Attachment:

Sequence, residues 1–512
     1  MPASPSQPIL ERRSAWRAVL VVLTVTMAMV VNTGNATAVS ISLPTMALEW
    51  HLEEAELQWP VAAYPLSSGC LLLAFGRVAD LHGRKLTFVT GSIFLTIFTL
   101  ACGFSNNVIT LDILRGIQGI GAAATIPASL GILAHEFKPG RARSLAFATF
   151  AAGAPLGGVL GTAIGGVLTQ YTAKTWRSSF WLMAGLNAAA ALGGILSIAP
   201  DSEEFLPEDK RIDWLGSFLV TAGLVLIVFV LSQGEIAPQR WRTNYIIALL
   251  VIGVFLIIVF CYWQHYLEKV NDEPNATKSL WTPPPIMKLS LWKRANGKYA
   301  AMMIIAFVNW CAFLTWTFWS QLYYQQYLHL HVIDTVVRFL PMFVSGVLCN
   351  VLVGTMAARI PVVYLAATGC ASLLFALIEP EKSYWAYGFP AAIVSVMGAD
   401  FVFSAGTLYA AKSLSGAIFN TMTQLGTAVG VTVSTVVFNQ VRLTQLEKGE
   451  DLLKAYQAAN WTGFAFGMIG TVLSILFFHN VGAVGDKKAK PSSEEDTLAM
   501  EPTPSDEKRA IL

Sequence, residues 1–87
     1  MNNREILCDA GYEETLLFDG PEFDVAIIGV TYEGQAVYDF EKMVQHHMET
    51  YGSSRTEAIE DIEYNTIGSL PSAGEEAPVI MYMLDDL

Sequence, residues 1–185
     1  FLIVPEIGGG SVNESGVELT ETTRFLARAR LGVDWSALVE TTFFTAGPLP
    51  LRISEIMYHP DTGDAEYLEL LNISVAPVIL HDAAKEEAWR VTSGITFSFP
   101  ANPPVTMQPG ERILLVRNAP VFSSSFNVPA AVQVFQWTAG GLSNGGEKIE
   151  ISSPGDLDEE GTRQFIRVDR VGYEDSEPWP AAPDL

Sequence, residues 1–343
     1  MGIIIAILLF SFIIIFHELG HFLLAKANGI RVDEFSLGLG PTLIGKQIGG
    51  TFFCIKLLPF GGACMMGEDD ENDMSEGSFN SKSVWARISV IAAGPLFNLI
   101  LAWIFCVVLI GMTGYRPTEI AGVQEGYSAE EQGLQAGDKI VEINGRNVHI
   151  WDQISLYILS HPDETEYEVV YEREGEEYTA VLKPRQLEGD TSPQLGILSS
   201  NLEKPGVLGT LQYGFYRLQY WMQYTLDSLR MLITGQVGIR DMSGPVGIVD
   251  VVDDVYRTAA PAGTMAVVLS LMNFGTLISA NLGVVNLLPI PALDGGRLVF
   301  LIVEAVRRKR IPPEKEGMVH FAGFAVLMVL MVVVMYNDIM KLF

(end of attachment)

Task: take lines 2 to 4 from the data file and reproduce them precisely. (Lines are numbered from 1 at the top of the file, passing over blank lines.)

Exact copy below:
     1  MPASPSQPIL ERRSAWRAVL VVLTVTMAMV VNTGNATAVS ISLPTMALEW
    51  HLEEAELQWP VAAYPLSSGC LLLAFGRVAD LHGRKLTFVT GSIFLTIFTL
   101  ACGFSNNVIT LDILRGIQGI GAAATIPASL GILAHEFKPG RARSLAFATF